tv CBS Evening News With Scott Pelley CBS July 26, 2011 5:30pm-6:00pm PDT
tonight, the the cbs evening news is next. >> schieff icans e phone lines demanding a deal. ( busy signal ) >> schieffer: as the government stumbled toward default. ben tracey on america's growing wealth gap. whites now have 20 times the net worth of african americans. new and chilling details of the oslo killer. elizabeth palmer reports he took drugs to stay alert as he massacred 76 victims. and after being blamed for making americans fat, michelle miller says mcdonald's is trying to turn happy meals into healthy meals. captioning sponsored by cbs this is the "cbs evening news" with scott pelley.
>> schieffer: good evening, scott's off tonight. i'm bob schieffer. well, it is one week and counting to august 2. today the president says the government will run out of money and, among other things, will have to stop sending out social security checks. yet, after weeks of wrangling and prime time speeches last night by the president and republican speaker john boehner, today congress and the white house seemed further apart than ever in finding a solution. a top conservative in the house said there were not enough republican votes there to pass boehner's republican plan let alone the democrats. we begin tonight again with nancy cordes at the capitol. nancy? >> reporter: bob, good evening to you. to no one's surprised here on capitol hill, the president's calls for a swift compromise to end this mess have fallen on deaf ears here and leaders from both sides are still clinging to their own plans even though it's not clear either plan can pass.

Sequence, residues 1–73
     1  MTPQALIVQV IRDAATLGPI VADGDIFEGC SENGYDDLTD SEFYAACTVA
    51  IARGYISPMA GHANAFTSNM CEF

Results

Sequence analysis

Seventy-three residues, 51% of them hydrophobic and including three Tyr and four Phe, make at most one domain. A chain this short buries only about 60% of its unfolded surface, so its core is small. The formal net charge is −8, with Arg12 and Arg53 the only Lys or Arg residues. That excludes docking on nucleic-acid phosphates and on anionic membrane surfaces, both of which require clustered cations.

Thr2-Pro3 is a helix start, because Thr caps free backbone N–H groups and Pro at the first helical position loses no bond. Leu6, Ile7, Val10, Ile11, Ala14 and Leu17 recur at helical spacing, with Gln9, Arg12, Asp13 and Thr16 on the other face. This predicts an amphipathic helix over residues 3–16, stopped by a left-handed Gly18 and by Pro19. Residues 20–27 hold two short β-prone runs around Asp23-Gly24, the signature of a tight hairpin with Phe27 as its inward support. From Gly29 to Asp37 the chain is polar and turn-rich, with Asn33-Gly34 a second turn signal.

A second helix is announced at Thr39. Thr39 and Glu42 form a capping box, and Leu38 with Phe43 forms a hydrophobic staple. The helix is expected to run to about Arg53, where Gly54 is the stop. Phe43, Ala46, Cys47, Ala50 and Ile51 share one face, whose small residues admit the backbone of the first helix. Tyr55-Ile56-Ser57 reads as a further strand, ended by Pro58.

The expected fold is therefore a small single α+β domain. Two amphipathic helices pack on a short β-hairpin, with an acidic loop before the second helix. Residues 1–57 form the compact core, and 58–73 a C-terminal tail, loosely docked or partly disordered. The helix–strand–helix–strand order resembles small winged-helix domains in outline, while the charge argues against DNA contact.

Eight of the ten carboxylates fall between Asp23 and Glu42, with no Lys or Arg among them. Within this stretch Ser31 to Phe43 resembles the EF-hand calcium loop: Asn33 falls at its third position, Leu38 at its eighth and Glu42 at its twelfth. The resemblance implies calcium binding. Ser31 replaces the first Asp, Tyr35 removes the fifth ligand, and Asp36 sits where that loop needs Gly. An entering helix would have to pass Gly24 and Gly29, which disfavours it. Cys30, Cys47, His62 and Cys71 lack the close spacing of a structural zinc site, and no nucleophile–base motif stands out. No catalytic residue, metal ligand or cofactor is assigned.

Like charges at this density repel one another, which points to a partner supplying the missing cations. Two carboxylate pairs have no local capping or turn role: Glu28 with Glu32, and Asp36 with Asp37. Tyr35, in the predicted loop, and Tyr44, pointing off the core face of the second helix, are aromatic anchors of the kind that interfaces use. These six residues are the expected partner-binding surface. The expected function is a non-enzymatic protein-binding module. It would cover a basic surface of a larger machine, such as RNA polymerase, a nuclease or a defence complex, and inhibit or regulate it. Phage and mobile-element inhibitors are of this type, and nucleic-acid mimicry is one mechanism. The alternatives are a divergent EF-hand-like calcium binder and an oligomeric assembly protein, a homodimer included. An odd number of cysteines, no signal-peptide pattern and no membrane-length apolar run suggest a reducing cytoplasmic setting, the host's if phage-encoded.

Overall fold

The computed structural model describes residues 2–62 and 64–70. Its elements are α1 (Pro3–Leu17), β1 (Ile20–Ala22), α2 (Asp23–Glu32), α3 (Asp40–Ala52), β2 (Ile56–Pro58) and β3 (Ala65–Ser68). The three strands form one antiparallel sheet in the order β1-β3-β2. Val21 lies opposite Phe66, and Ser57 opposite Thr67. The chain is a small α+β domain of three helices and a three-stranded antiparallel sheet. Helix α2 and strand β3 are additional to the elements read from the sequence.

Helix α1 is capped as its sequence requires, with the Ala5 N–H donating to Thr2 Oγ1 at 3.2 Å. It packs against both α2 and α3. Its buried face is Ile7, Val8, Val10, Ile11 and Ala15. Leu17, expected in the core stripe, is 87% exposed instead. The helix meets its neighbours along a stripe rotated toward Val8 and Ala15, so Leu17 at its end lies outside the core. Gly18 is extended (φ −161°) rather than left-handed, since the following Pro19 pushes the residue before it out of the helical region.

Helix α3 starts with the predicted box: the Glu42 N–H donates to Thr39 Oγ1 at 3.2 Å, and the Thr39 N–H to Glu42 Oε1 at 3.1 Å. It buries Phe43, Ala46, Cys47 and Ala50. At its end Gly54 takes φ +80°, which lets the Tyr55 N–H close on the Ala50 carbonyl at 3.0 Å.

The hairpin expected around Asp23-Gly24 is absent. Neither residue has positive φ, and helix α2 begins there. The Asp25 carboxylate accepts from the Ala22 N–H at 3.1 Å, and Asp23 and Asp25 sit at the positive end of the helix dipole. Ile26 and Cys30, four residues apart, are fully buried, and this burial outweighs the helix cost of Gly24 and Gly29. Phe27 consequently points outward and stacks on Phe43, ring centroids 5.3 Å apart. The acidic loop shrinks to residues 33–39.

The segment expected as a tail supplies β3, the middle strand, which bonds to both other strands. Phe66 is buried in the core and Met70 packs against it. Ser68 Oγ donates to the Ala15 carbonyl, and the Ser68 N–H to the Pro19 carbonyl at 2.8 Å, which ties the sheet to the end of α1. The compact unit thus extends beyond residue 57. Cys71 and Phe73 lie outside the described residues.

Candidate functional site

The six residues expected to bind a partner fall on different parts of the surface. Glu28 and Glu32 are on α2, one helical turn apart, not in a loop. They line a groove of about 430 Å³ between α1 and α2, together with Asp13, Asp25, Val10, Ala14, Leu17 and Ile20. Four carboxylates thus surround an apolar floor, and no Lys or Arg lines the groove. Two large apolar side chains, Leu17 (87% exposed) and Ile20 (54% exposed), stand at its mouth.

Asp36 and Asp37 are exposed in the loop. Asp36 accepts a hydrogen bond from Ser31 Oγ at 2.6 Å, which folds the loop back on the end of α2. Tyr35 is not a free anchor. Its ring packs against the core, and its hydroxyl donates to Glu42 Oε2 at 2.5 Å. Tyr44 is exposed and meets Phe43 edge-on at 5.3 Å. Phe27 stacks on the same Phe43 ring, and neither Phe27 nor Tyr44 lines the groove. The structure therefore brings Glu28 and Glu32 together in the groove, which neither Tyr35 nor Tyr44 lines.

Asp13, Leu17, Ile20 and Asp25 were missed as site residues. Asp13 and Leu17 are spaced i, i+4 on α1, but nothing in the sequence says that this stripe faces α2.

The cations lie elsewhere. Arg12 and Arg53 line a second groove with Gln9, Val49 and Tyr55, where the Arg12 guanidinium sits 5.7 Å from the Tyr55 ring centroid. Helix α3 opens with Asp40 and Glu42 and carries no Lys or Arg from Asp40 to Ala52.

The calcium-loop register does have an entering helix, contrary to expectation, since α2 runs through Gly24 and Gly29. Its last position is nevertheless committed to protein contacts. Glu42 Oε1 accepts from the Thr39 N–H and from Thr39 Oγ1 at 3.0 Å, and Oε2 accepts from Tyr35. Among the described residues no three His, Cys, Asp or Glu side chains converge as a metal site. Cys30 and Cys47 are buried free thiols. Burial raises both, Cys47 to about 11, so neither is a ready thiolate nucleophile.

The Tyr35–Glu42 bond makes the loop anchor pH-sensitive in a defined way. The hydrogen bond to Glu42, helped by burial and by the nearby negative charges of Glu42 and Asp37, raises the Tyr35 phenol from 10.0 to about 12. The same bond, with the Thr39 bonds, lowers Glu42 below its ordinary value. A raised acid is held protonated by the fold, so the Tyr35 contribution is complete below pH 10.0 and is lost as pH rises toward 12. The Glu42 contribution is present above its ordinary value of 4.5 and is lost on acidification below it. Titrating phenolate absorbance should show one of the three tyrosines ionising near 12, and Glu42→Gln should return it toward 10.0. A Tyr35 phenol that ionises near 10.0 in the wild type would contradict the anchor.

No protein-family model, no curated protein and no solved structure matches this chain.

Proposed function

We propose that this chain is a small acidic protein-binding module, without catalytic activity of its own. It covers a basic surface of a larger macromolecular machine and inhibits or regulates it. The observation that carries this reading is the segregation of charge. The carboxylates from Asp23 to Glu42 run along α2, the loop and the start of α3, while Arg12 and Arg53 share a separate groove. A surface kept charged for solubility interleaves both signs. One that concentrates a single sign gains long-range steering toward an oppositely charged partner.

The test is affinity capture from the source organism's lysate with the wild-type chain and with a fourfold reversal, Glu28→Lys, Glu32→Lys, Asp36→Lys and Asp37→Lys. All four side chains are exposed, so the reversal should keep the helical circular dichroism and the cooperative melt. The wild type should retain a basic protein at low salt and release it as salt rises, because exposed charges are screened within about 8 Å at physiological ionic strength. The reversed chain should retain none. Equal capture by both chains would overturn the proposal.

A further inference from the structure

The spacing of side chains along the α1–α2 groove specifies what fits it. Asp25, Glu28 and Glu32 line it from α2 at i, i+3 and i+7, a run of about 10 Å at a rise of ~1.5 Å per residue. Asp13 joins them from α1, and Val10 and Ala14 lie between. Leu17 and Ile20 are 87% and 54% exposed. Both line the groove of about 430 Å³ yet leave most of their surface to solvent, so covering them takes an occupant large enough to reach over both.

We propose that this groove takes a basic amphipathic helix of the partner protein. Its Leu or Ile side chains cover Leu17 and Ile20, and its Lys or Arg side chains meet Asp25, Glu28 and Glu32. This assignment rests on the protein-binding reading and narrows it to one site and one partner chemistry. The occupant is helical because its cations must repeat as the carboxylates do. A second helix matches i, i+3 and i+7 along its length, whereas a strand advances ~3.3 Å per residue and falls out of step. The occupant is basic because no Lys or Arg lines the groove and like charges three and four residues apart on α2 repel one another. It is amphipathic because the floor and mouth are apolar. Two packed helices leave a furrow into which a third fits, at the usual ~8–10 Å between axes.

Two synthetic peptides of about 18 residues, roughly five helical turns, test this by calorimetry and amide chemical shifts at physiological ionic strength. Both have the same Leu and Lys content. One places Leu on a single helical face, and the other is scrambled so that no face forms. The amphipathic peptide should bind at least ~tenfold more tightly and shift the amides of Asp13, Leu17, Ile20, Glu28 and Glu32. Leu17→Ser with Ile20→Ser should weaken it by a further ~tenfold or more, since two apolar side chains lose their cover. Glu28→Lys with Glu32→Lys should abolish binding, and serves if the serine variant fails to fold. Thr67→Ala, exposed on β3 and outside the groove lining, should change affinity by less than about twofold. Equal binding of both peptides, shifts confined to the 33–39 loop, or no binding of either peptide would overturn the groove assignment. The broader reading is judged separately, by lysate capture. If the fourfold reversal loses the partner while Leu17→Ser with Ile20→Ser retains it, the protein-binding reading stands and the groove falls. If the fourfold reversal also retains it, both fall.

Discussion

>> congressman alan west's office. >> can i get the name and town you're from? >> reporter: the capitol hill switch board got overloaded today. >> right now we have 142 people on hold. >> reporter: after president obama made this plea on prime time television. >> if you want a balanced approach to reducing the deficit, let your member of congress know. >> reporter: republican senator lamar alexander got more than 300 calls. >> they're saying cut spending, support the balanced budget amendment, and they're also saying get the job done. >> reporter: so many people are phoning speaker boehner's office this week the shortest wait time is over an hour. >> we appreciate your patience, we're getting a very high volume of calls. >> reporter: but the calls for compromise... >> i can understand your frustration. >> reporter: ...are going unheeded by lawmakers. >> democrats will not vote for it. democrats will not vote for it. democrats will not vote for it. >> reporter: in a televised response to the president last night, speaker boehner said it was mr. obama who wouldn't budge. >> and the sad truth is that the president wanted a blank check
six months ago and he wants a blank check today. >> reporter: with bipartisan talks all but dead, the two sides railed against each other's plans today, despite the fact that they're not all that different. both would cut some spending up front without raising any new bx revenue and both would appoint a bipartisan commission to identify future cuts. but the republican plan would allow only a short-term increase in the debt ceiling until those cuts are made. >> it's reasonable, it's responsible, it can pass the house. >> reporter: no, it can't, say conservative members of boehner's own party who wanted even deeper cuts. >> i am confident as of this morning that there were not 218 republicans in support of the plan. >> reporter: that division among house republicans strengthens the democrats' position. they're hoping that if speaker boehner's bill fails in the house tomorrow, they might be able to win some moderate republicans over to their side. bob? >> schieffer: okay, nancy.